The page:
SPRINGFIELD, ILL. — After boycotting his impeachment trial for nearly a week, Gov. Rod R. Blagojevich accepted the Illinois Senate's challenge to confront his accusers: With his political life on the line, he will present the closing argument today in his defense.
Showing his trademark flair for the dramatic, the two-term Democrat reversed course Wednesday after a multi-day tour of national talk shows, where he branded the impeachment trial a rigged political hanging.
His reversal answers the challenge of fellow Democrats, including Senate President John Cullerton, who had accused the governor of hiding and lying about Senate rules for the impeachment trial by claiming he couldn't call witnesses or challenge evidence.
The governor, 52, has denied wrongdoing since his arrest last month on a variety of federal corruption charges, including scheming to sell the U.S. Senate seat vacated by President Obama and demanding campaign contributions in exchange for state services.
But several senators said the governor's gesture was too little, too late. He and his attorneys refused to participate in any aspect of the trial.
Blagojevich's attorneys did represent him at the legislative hearings before the House's overwhelming vote to impeach him.
"I don't know what his game plan is or what his intent was," said state Sen. Ira Silverstein, a Chicago Democrat. "I mean that baffles a lot of us today because there could have been questions posed by his attorney. There's a lot of hearsay that was involved here, and they could have attacked witnesses. But they didn't do anything."
Some senators wondered whether the governor was making a final grandstand play, perhaps ending with his resignation to deprive the Senate of the opportunity to remove him from office. But a spokesman for the governor waved off that notion.
"Sen. Cullerton asked him to come down," Blagojevich spokesman Lucio Guerrero said. "So he's taking him up on that and wants to give his closing arguments. . . ."
"I don't think he's going down there to resign, I think he's going to make his appeal to senators," Guerrero said.
Cullerton had echoed the thoughts of many senators who maintained the governor did himself a major disservice by refusing to present a case or defend himself while he simultaneously complained that the evidence against him was being taken out of context.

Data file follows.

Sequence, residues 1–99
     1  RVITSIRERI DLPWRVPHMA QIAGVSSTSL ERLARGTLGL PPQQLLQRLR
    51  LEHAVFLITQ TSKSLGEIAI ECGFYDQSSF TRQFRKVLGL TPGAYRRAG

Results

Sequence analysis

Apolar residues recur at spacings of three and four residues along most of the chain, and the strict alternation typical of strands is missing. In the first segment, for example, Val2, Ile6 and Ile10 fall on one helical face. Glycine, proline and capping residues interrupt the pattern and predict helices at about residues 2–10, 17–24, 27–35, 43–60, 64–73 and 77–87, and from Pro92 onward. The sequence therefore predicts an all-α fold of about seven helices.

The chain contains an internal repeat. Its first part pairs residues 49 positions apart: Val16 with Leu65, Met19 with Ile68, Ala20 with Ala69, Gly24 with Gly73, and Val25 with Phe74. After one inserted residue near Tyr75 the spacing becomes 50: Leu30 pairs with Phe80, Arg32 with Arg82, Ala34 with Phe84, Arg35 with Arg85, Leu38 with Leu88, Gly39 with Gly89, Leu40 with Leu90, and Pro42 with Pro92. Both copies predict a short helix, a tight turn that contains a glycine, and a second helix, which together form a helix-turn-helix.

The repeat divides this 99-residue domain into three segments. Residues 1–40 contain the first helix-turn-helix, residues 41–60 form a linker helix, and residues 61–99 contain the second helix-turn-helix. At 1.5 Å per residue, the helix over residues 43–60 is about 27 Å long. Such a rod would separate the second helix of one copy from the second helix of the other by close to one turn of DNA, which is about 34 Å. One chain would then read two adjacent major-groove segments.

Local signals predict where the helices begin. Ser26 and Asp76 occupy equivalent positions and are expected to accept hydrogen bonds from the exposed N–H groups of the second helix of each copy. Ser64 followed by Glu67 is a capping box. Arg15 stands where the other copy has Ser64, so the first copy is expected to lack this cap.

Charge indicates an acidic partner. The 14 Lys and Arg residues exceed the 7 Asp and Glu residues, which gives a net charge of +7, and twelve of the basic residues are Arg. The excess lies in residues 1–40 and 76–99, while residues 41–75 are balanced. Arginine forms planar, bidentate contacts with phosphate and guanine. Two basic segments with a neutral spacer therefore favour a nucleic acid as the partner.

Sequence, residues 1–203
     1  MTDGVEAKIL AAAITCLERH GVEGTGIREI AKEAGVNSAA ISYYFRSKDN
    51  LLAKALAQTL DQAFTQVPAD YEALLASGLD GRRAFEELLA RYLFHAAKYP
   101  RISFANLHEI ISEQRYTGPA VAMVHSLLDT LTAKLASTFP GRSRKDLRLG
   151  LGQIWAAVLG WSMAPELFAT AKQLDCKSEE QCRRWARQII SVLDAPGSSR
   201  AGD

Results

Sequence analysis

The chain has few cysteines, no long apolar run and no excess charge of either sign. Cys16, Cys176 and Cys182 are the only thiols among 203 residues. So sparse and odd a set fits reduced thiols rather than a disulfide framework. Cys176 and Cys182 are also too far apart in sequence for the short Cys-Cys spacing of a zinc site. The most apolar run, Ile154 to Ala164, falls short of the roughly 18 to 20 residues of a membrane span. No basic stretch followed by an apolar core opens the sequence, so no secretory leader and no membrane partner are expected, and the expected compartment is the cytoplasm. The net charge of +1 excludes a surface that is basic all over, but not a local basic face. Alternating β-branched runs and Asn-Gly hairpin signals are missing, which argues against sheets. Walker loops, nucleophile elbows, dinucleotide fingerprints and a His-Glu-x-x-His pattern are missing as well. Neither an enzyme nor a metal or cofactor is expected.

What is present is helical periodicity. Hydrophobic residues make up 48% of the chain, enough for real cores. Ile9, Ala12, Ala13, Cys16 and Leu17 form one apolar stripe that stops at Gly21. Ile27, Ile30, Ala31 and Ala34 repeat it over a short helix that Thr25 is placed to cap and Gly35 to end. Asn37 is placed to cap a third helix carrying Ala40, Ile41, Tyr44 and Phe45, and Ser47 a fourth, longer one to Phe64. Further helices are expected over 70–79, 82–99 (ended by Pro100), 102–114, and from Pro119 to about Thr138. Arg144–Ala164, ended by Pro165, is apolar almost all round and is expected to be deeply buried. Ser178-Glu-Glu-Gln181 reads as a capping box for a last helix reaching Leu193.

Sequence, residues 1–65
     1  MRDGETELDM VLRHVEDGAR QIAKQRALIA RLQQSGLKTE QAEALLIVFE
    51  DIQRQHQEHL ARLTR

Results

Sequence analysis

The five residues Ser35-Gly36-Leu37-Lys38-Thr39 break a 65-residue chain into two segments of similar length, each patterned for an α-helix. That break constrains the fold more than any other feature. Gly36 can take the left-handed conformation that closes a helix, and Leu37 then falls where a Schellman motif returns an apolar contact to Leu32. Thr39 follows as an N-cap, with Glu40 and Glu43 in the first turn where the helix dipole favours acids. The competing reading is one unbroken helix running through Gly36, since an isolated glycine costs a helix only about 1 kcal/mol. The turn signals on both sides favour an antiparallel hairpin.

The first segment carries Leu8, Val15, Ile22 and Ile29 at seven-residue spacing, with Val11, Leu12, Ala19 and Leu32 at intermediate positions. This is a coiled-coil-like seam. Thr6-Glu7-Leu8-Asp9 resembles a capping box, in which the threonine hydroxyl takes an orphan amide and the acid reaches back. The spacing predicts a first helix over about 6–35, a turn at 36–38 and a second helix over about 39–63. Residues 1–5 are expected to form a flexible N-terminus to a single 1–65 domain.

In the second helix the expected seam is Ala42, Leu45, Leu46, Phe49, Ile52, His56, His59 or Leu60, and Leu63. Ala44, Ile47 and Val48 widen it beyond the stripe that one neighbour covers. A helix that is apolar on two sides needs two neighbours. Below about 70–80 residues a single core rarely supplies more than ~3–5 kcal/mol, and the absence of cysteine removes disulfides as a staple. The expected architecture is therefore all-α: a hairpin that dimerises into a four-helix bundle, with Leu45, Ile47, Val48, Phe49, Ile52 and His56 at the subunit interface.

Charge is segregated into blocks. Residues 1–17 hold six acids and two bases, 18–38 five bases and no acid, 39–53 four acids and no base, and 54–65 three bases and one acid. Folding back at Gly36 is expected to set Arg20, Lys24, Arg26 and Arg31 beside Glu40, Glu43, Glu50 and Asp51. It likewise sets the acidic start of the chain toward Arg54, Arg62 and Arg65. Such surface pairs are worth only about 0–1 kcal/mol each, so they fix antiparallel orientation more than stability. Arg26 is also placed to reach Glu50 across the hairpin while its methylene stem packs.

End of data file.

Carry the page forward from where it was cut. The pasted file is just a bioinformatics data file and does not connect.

"If he wants to come down here instead of hiding out in New York and having Larry King asking questions instead of the senators, I think he's making a mistake," Cullerton said earlier. "He should come here and answer the questions."
Making a closing statement would differ from testifying, which would have allowed senators and the impeachment prosecutor to question Blagojevich.
Sen. Dan Cronin, a Republican, called the governor's request "cowardly but consistent with the way he has governed."
Blagojevich's new outside public relations representative issued a news release saying the governor -- who has by some counts done nearly two dozen interviews in recent days -- would not be available for comment before the closing argument in Springfield.
"The governor is urging supporters to call senators and urge them to allow the governor to call witnesses showing he has done nothing wrong," said the release from the Publicity Agency.
But the presentation of evidence was concluded Wednesday, with no submissions from the governor.
Because he made no official appearance at his trial, Blagojevich must get Senate permission to speak.
He is expected to be allowed up to 90 minutes for his closing argument, after the 60-minute closing argument by House prosecutor David Ellis.
The prosecutor is allowed 30 minutes of rebuttal after the defense argument.
After that, senators are expected to deliberate as a jury. The vote could come as soon as late today. Conviction requires a two-thirds vote -- at least 40 of 59 senators -- and would remove him from office.
Senate Minority Leader Christine Radogno, a Republican, said Blagojevich's last-minute decision to show up fits with his six-year pattern of avoiding the details of any topic before him and trying instead to deflect criticism.
"He's all about PR," Radogno said. "He's all about press releases. That's how he's governed the whole time he's been here. He's gone around the legislature. He's gone directly for the TV cameras."
Lawmakers have declared that they are not pre-judging the governor but at the same time several have predicted that his days in office are down to single digits.
Radogno said Blagojevich shouldn't expect to fly home on the state plane that will take him from Chicago to Springfield.
"I hope he has a ride home, because I don't think he'll have the State Police to take him," Radogno said.
The Associated Press contributed to this report.